HARRY C. MARTIN /
Originally featured on BroadcastEngineering.com
Incentive auction OK'd
The amount of money television broadcasters may receive for returning spectrum remains unclear.
Congress has passed the long-awaited spectrum auction legislation, and the President has signed it into law.
Television broadcasters got most, but not all, of what they were hoping for. The act (1) requires the FCC to make “all reasonable efforts” to preserve existing television station coverage; (2) prohibits the involuntary moving of broadcasters from UHF to VHF or from high-band VHF to low-band VHF; (3) provides for a one-time auction; (4) establishes a relocation fund of $1.75 billion; and (5) requires coordination with Canada and Mexico on border concerns.
However, the definition of “broadcast television licensee” for the purposes of incentive auctions is limited to full-power television stations and “Class A” television stations. LPTV licensees got only a single provision stating that nothing alters their current spectrum-usage rights.
Other important features of the auction legislation are:
- Stations that agree to forego reimbursement for relocation costs may make flexible use of their spectrum, including non-broadcast uses, as long as they continue one free television program stream. The act says nothing about such ancillary uses by stations that do not relocate.
- Stations that agree to share a channel will retain their current cable carriage rights.
- No stations may be permitted to move from VHF to UHF unless they file a request by May 31, 2012, so most VHF stations will remain in VHF.
- Rights to protest license modifications, otherwise available under Section 316 of the Communications Act, are suspended.
- Nothing in the act is intended to prevent the FCC from implementing its “white-space” rules.
- Public-safety operators using TV channels 14 to 20 in the top-10 markets will have to give those frequencies back after 11 years.
A major question left unanswered by Congress is precisely how much money is likely to be paid to any particular TV licensee opting to make its spectrum available for repurposing. Through repurposing, a TV licensee could either (1) turn in its spectrum, (2) move to a different channel or (3) share a channel with another station. To determine what the payout will be, the commission will have to conduct a “reverse auction” in which any licensee interested in repurposing may submit bids stating the amount it would accept for voluntarily relinquishing some or all its spectrum.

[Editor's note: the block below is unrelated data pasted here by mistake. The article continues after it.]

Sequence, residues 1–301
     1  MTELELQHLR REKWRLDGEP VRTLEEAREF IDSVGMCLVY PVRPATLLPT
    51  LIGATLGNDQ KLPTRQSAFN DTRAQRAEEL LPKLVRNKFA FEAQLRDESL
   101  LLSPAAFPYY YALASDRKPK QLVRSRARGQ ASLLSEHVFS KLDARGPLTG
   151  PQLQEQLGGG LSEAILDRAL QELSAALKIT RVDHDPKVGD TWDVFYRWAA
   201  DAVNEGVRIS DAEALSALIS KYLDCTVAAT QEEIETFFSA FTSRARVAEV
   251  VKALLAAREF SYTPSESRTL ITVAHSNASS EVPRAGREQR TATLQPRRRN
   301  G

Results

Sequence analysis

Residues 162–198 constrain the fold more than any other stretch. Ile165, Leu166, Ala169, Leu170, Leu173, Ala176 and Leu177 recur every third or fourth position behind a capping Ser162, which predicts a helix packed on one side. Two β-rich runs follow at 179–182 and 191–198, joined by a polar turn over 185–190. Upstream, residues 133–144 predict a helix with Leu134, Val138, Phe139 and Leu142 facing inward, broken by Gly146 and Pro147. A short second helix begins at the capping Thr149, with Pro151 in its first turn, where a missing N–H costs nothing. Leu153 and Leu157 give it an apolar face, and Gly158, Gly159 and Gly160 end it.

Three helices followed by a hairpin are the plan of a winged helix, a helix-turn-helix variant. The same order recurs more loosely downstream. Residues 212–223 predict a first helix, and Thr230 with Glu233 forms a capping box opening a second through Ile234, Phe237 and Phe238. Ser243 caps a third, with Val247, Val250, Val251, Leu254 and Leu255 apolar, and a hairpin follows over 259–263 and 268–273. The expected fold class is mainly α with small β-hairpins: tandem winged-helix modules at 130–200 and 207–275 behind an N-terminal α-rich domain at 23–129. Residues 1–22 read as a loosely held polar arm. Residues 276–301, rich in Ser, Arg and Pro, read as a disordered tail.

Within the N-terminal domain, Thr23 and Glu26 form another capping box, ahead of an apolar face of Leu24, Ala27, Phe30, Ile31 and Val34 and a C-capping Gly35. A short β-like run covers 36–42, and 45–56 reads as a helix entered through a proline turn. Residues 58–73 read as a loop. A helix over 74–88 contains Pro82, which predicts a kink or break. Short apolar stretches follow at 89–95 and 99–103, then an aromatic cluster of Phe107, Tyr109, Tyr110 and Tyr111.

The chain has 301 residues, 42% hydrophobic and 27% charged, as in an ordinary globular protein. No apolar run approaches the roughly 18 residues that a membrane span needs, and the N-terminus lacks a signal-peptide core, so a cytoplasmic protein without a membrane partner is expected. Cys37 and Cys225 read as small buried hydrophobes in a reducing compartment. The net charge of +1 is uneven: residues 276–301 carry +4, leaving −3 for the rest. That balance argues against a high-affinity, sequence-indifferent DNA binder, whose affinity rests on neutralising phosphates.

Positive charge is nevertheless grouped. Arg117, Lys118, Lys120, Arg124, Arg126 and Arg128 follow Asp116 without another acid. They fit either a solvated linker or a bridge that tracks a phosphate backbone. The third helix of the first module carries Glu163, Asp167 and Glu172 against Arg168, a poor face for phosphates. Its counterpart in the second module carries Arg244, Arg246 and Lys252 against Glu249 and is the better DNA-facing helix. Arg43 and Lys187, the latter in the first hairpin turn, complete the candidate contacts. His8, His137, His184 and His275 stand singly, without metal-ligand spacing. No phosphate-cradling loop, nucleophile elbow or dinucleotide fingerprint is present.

Meanwhile, the commission also will conduct a “forward auction” to sell off the spectrum made available by the repurposing. The proceeds from that auction will provide the pot from which payments will be made; later, the amount to be paid to individual participants will be based on the results of the reverse auction, but with no details now as to how much of any participant's reverse auction bid would actually be paid.
Congress decided the FCC may not exclude big wireless entities such as AT&T and Verizon from the forward auction. However, the FCC may implement policies to promote competition, by authorizing limits on spectrum holdings (either nationally or on an individual market basis) by any one entity.
The FCC now must tie up the many loose ends left by Congress through issuing rules for the auction. How many broadcasters will agree to repurpose, how much the wireless entities will bid and how long the process will take are open questions. Some estimate it will be four to six years before any television spectrum becomes available for wireless broadband use.
- On or before June 1, 2012, noncommercial television and Class A television stations in Arizona, the District of Columbia, Idaho, Maryland, Nevada, New Mexico, Utah, Virginia, West Virginia and Wyoming must file their biennial ownership reports.
- On June 1, 2012, television stations, Class A television, LPTV stations and television translators in Maryland; Virginia; West Virginia; and Washington, D.C., must file their license renewal applications. Television and Class A television stations in those locations must begin their renewal post-filing announcements on June 1.
- On June 1, 2012, television and Class A television stations in North Carolina and South Carolina must begin their pre-filing renewal announcements in anticipation of an Aug. 1, 2012, renewal application filing date.
- On June 1, 2012, television and Class A television stations must place their 2012 EEO reports in their public files and post them on their websites: Arizona, the District of Columbia, Idaho, Maryland, Michigan, Ohio, Nevada, New Mexico, Utah, Virginia, West Virginia and Wyoming.
Harry C. Martin is a member of Fletcher, Heald and Hildreth, PLC.
Send questions and comments to: email@example.com